Question from MozTeam: At this point, I guess the browser from step 1/2/3 is still open? That will mean you won't actually start the new Firefox instance, you just opened a new window in the Firefox copy that was already running, where you've already input the master password, and therefore have access to the passwords.

Please can you confirm if you're able to reproduce if both installs are 62 or later, and with the first install fully shut down (verifying no processes remain running) ?

Answer: NO, the First Browser from Step 1/2/3 is 'Not' open. All the parent/child processes for that browser are closed. Task Manager shows no running firefox processes. In fact, in one successful attempt at this Vulnerability's reproduction, the system was also restarted before Step 4 to ensure its a new process.

Also for Step 4,5,6 I used another Firefox version namely version 52.9.0ESR (just to cause less confusion, even though they are installed at different locations).

Kindly let me know if anything else is needed off me for the same.

Thanking You,

Yours Sincerely,
Kushal Arvind Shah.
Security Researcher | Fortinet's FortiGuard Labs.
Flags: needinfo?(kshah)
(In reply to Kushal Arvind Shah from comment #2)
> Question from MozTeam: Have you actually gone through the first 3 steps with
> Firefox 62, or with an earlier version? Can you confirm that at that point
> there is no `key3.db` file in the user's profile directory? 
> 
> Answer: So, the first 3 Steps were done using the latest FireFox Quantum
> 60.2.0ESR version.

Uh, are you sure? Because:

> And 'Yes' there is a 'key3.db' file in the user's profile
> directory.

I don't believe there should be a key3.db file if the profile was created by Firefox 60.2 esr. Can you clear %APPDATA%\Mozilla\Firefox (this will remove all Firefox data, but not the application) and retry your steps?
Flags: needinfo?(kshah)
(In reply to Kushal Arvind Shah from comment #2)
> Also for Step 4,5,6 I used another Firefox version namely version 52.9.0ESR
> (just to cause less confusion, even though they are installed at different
> locations).

Why does comment #0 say that you used Firefox 62 and "latest Firefox versions" are vulnerable, when you used 60.2esr and 52.9 esr?

Please retest on a clean profile using only recent versions.
(In reply to :Gijs (he/him) from comment #3)
> (In reply to Kushal Arvind Shah from comment #2)
> > Question from MozTeam: Have you actually gone through the first 3 steps with
> > Firefox 62, or with an earlier version? Can you confirm that at that point
> > there is no `key3.db` file in the user's profile directory? 
> > 
> > Answer: So, the first 3 Steps were done using the latest FireFox Quantum
> > 60.2.0ESR version.
> 
> Uh, are you sure? Because:
> 
> > And 'Yes' there is a 'key3.db' file in the user's profile
> > directory.
> 
> I don't believe there should be a key3.db file if the profile was created by
> Firefox 60.2 esr. Can you clear %APPDATA%\Mozilla\Firefox (this will remove
> all Firefox data, but not the application) and retry your steps?

So, there is a 'key3.db' file and a 'key4.db' file as well. I believe the key3.db file is present due to the Firefox auto updates.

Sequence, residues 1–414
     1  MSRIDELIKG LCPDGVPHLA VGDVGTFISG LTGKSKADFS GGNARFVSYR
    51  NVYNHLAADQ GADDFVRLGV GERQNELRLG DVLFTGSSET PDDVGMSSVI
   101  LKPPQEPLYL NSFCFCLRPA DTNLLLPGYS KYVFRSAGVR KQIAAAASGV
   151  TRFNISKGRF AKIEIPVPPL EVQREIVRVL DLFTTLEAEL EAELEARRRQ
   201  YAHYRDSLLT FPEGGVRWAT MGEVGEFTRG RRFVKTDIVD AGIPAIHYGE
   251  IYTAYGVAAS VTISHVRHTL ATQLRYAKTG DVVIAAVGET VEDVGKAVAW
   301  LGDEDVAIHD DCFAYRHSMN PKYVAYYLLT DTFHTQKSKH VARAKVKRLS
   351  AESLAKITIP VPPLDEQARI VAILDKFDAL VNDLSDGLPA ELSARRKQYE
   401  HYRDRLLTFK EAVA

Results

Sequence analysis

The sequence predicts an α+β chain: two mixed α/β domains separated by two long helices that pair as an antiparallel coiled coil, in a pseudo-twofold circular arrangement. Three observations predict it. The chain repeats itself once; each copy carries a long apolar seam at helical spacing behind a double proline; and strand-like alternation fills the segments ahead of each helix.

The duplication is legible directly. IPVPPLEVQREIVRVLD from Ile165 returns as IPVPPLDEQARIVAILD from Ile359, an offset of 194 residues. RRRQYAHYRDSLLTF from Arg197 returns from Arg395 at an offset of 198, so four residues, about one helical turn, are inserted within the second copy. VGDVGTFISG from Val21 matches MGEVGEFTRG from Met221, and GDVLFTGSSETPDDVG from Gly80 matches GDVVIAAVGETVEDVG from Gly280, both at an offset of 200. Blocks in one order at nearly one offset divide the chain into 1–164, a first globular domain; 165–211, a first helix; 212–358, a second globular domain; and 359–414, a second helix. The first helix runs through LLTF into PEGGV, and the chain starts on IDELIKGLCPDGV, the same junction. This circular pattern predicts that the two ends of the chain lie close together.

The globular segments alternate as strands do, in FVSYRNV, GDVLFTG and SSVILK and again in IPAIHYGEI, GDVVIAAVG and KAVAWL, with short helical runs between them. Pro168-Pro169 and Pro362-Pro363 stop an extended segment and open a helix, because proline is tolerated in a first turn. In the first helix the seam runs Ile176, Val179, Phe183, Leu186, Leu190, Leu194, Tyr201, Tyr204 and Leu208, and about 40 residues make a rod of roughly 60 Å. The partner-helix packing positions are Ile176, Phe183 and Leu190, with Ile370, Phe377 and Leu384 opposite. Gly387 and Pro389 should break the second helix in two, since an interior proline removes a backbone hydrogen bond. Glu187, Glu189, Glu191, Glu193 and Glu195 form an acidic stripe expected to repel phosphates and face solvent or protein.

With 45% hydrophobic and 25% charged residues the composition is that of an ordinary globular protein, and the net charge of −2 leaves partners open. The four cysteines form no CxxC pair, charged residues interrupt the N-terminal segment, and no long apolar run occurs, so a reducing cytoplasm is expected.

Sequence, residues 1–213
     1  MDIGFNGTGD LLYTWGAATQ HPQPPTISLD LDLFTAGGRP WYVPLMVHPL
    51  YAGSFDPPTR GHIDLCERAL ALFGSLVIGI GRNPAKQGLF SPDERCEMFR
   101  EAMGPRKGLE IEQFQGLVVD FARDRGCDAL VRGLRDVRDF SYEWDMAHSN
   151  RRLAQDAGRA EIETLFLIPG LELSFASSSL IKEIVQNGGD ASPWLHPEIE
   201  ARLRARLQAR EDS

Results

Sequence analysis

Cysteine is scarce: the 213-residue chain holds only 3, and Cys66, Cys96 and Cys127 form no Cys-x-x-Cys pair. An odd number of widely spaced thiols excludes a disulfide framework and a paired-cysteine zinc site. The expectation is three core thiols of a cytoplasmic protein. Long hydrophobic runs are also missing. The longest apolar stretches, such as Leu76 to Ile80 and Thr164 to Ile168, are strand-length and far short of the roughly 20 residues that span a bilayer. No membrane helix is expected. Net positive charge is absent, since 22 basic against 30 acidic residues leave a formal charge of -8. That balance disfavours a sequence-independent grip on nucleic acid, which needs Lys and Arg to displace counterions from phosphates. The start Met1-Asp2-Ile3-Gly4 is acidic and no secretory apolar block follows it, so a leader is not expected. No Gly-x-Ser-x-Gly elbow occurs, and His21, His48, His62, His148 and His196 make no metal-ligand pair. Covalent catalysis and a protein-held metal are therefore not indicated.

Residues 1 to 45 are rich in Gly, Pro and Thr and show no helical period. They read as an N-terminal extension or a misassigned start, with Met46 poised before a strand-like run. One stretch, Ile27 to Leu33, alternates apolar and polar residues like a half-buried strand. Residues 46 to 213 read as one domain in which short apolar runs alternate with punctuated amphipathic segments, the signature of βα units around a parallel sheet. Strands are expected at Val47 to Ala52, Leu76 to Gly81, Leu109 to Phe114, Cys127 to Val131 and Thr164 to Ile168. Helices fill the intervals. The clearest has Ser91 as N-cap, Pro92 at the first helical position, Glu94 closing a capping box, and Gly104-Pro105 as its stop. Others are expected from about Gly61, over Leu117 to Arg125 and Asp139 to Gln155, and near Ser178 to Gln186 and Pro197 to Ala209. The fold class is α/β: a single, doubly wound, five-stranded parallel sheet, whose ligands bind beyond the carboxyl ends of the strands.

Are you able to reproduce this issue? 

If not, one guaranteed way to reproduce this issue is to install https://ftp.mozilla.org/pub/firefox/releases/52.9.0esr/win64/en-US/Firefox%20Setup%2052.9.0esr.exe and use it as a normal user and save credentials and then set master password. On subsequent restart of Firefox browser, it will auto-update to version 60.2.0ESR.

Then you could re-install the older version again on a custom path and get the saved logins without the master password.

Thanks,
~ Kushal.
Flags: needinfo?(kshah)
(In reply to :Gijs (he/him) from comment #4)
> (In reply to Kushal Arvind Shah from comment #2)
> > Also for Step 4,5,6 I used another Firefox version namely version 52.9.0ESR
> > (just to cause less confusion, even though they are installed at different
> > locations).
> 
> Why does comment #0 say that you used Firefox 62 and "latest Firefox
> versions" are vulnerable, when you used 60.2esr and 52.9 esr?
> 
> Please retest on a clean profile using only recent versions.

Yes, Latest Firefox Quantum ESR version 60.2.0. Apologies if there was any confusion with regards to the version between the ESR and other build channels.
(In reply to Kushal Arvind Shah from comment #5)
> So, there is a 'key3.db' file and a 'key4.db' file as well. I believe the
> key3.db file is present due to the Firefox auto updates. 

The key3.db file was created by 52. The key4.db file was created by Firefox 60.2 esr (or any other version more recent than Firefox 58). We didn't delete the key3 file because people downgrade, and losing all your passwords when downgrading is obviously not great.

> If not, one guaranteed way to reproduce this issue is to install
> https://ftp.mozilla.org/pub/firefox/releases/52.9.0esr/win64/en-US/
> Firefox%20Setup%2052.9.0esr.exe and use it as a normal user and save
> credentials and then set master password. On subsequent restart of Firefox
> browser, it will auto-update to version 60.2.0ESR.

These steps match bug 1475775, which I already linked previously. We've already addressed this in later (non-ESR) versions of Firefox, and the bug is public. We haven't specifically tried to address this on ESR releases yet, as it requires local attacker privileges so it isn't high severity, and the same fix applied on regular releases isn't the right fix for ESR.

> Then you could re-install the older version again on a custom path and get
> the saved logins without the master password.

If you set the master password in key4.db when the passwords are also stored in the key3.db file without the master password, then that's expected.
Status: UNCONFIRMED → RESOLVED
Closed: Last year
Resolution: --- → DUPLICATE
Duplicate of bug: CVE-2018-12383
(In reply to :Gijs (he/him) from comment #7)
> (In reply to Kushal Arvind Shah from comment #5)
> > So, there is a 'key3.db' file and a 'key4.db' file as well. I believe the
> > key3.db file is present due to the Firefox auto updates. 
> 
> The key3.db file was created by 52. The key4.db file was created by Firefox
> 60.2 esr (or any other version more recent than Firefox 58). We didn't
> delete the key3 file because people downgrade, and losing all your passwords
> when downgrading is obviously not great.

Ok, so instead of deleting 'key3.db' you could always re-encrypt it similar to 'key4.db' or in a different way. That way no user is losing all their passwords and at the same time, is being safe against this Vulnerability.
 
> > If not, one guaranteed way to reproduce this issue is to install